34 Pages Posted: 25 Jul 2014 Last revised: 21 Dec 2014
Date Written: August 13, 2014
This is a reconsideration of Hans Kelsen’s Pure Theory of Law from the standpoint of a long-time business lawyer, contract theoretician, and Kant-influenced epistemologist. The essay (a) reconsiders the Pure Theory in the context of contract and business law (i) in light of how legal reasoning operates (something the Pure Theory accurately characterizes) in contract and business law (as, for example, in the classic consideration/promissory estoppel case, Allegheny College), and (ii) with a more faithful or more satisfying account than Kelsen provided of the kind of knowledge we obtain if we are going to think of contract and business law as a kind of science, whether descriptive or normative, under Kantian conceptions of cognition and reason; and (b) considers the practical and theoretical implications of the foregoing somewhat obscure and arcane distinction, if not for the contract and business lawyers who actually do the practicing, then at least for those who teach them. Facing reality before deciding on a course of action is often the hardest task for lawyers and their clients. I am thus skeptical of a legal “science” that seeks an ironically and paradoxically abstract positive law of contracts, an ideally coherent doctrine that exists somewhere “out there,” removed from its application to real world experience.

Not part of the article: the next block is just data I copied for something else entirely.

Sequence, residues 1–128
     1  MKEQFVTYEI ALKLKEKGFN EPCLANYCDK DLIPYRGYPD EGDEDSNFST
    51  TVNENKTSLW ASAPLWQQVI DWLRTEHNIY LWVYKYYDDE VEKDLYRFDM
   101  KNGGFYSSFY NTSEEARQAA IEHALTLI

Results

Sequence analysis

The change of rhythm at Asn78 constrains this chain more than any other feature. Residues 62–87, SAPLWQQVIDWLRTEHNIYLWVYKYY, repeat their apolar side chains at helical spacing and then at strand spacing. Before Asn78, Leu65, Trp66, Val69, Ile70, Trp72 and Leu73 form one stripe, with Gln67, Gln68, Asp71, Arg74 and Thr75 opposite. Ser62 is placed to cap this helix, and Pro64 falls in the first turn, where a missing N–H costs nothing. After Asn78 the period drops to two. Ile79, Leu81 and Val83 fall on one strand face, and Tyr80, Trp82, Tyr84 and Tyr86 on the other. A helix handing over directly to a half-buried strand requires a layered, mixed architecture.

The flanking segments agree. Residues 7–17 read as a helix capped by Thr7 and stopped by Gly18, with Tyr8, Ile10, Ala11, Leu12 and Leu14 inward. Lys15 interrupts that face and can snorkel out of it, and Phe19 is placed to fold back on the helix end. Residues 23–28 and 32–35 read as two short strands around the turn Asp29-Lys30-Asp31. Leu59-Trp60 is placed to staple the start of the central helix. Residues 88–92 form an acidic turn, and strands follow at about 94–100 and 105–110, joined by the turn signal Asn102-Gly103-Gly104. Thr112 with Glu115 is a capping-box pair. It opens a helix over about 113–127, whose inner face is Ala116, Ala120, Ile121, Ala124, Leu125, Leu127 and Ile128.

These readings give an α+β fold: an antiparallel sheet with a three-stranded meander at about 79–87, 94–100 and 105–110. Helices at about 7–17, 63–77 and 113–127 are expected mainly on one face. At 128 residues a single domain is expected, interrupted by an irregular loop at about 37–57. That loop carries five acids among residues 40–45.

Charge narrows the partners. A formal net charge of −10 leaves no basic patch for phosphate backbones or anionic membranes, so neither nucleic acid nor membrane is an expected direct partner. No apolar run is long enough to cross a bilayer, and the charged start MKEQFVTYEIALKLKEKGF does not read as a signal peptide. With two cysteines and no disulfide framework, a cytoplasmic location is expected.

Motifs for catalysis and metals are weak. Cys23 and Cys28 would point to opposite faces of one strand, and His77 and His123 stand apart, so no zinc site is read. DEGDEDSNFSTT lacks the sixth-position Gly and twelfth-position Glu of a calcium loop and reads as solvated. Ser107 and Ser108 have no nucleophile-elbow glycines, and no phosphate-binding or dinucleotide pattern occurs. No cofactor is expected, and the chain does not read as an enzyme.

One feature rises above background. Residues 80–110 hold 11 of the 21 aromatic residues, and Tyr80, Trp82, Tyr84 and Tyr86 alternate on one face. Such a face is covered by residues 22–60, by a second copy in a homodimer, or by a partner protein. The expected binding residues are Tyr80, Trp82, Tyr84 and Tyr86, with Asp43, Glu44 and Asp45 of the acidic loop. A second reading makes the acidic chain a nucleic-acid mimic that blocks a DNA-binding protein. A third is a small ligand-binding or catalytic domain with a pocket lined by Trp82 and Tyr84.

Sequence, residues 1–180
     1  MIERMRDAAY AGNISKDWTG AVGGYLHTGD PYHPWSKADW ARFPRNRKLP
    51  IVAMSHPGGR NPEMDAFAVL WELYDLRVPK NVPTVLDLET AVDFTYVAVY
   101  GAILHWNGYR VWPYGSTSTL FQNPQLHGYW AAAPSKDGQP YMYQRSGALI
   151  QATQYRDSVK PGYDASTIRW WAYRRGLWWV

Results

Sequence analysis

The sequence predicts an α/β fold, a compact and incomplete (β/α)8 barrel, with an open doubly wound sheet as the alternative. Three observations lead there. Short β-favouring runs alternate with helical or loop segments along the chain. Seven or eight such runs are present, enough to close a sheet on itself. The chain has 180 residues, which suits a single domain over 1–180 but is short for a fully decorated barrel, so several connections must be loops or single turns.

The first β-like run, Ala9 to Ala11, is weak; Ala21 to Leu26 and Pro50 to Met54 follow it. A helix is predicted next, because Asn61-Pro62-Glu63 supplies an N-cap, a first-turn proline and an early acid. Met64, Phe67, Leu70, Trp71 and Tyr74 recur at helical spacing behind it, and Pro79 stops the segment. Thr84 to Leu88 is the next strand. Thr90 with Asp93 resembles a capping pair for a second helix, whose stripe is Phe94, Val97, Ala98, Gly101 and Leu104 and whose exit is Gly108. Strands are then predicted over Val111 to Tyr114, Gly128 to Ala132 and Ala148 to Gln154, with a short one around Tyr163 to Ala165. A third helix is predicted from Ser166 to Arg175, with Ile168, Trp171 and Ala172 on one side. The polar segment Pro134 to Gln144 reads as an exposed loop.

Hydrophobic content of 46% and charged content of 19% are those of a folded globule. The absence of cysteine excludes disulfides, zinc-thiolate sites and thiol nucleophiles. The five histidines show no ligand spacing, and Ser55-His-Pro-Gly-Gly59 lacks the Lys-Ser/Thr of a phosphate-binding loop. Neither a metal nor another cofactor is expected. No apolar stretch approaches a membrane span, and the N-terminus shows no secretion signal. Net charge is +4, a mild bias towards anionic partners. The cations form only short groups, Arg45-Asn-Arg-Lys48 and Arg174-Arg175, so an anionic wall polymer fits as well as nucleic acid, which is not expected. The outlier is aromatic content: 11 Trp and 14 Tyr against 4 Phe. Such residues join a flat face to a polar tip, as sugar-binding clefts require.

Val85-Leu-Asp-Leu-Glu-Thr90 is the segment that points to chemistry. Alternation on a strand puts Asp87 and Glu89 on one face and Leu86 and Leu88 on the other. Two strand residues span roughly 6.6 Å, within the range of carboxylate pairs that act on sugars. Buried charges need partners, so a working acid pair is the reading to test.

Keywords: Kelsen, Kant, contract law, business law, theoretical reason, practical reason, Cardozo, Allegheny College, promissory estoppel, consideration, cognition, imputation, modus ponens logic, 'is' and 'ought', categories, a priori, rules of inference
JEL Classification: K12, K20, K40
Suggested Citation: Suggested Citation
Lipshaw, Jeffrey M., Cognition and Reason: Rethinking Kelsen in the Context of Contract and Business Law (August 13, 2014). Suffolk University Law School Research Paper No. 14-18. Available at SSRN: https://ssrn.com/abstract=2470742 or http://dx.doi.org/10.2139/ssrn.2470742